When I first started as a developer the project manager was usually the team leader who had behind him many years of software development, and was also capable of providing their team the necessary guidance and help when the pressure was on. That was back in the mid to late 90’s where the systems developed required complex coding but the technology set to be used was limited to understanding a front-end, and back-end database language.
From about 2005 onwards things started to change in the workplace – it seemed to me that a new breed of Project Manager (PM) had come onto the market. Whether they existed before or were just ‘new’ to the world of IT is anyone’s guess but based on what I was taught at College, and University before starting work – I think they were probably new to the world of IT. The differences between my early experience of PM’s to the new type can be summarised as follows:-
|Pre 2005 Project Manager Experience||Project Managers from 2005 Onwards|
|Manage team to get the best out of them through discussing requirements scope and setting timescales after talking to the development team.||Developers have to provide the list of tasks and timescales for project manager to put into project plan.|
|Leave the developers to do ‘their’ work with minimum interference.||Constant checking – maybe even twice daily to check project task progress with each developer in team.|
|Help with resourcing issues as and when needed.||Little or no experience of Software Development, so there is no capability to provide guidance or suggest solutions to keep project on track. Most likely solutions take the form of additional ‘resources’ for project – in the form of another developer.|
|Get involved to sort out issues when developers are struggling and report to the business of potential delays/or raise a case for changing scope of project requirements.||Provide constant updates to business stake-holders on project progress to provide necessary ‘comfort’ that work is on track.|
|Mentor younger team members and where possible provide solutions/guidance using their past experience of development.||Very scientific approach to managing the project plan, applying project management principles which can be slightly detached from the working/business environment.|
For many of us developers who experienced this sudden change in project management style – it was a culture shock. It seemed we were working with/for people who were completely ‘cold’ and detached from what we had to accomplish because they did not have the necessary experience to take part in the project like the previous type of management we had become use to. In some cases I have even had the displeasure of working for project managers who did not even have a background in software development – and I always felt that in some complex projects they could never comprehend the size of the task. For this reason most of them are reduced to purely being ‘Status’ checkers and filling in Microsoft Project. The constant ‘status’ checking usually means that developers are losing time because they are having to explain what’s going on to someone who more than likely will NOT understand what the developer is talking about. The result being that this whole process adds unnecessary pressure for the development team as a whole, given that the PM is only interested in meeting the deadline and reporting good news to the business stakeholders.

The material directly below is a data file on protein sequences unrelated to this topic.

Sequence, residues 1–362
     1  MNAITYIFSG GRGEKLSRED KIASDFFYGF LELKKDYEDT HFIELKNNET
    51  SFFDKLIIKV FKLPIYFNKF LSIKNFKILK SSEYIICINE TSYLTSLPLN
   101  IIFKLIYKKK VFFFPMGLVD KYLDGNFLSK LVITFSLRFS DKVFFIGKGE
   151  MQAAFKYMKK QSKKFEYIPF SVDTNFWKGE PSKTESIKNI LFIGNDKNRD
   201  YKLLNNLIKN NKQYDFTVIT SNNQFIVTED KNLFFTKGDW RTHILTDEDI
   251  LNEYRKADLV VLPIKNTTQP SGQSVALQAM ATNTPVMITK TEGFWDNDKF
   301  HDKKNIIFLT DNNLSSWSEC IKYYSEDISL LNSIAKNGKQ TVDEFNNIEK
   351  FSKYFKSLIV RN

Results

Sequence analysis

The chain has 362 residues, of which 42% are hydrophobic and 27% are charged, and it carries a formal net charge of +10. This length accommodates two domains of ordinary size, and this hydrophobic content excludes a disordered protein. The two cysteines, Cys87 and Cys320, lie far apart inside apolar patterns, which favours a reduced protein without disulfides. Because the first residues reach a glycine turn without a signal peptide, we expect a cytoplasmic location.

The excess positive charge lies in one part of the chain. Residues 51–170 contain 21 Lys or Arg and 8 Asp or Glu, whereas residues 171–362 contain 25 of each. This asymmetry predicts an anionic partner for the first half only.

The Project Plan seems to be the ONLY guiding light for the new PM types to do their work, and the only way they can resolve issues is by requesting additional ‘Developer Resource’ – this allows them to split the already small tasks up even more leading to an incohrent team at times. I remember an incident when a colleague carried out some work on one project which was not a listed task on the plan but it was completed within the overall time-scales but because the task was not on the plan he was constantly questioned by the project manager ‘ but why ? – it’s not on the plan, it’s not on the plan?’ Eventually the developer shouted back with a few expletives with the whole office watching in horror. It turned out that the changes made by the developer earned huge praise from the business users for doing that extra unlisted task, which was of course announced by the head of Development with great pleasure. I am sure many developers have had similar experiences – the following two are highlights from my experience in dealing with the 2005+ generation of PM’s:-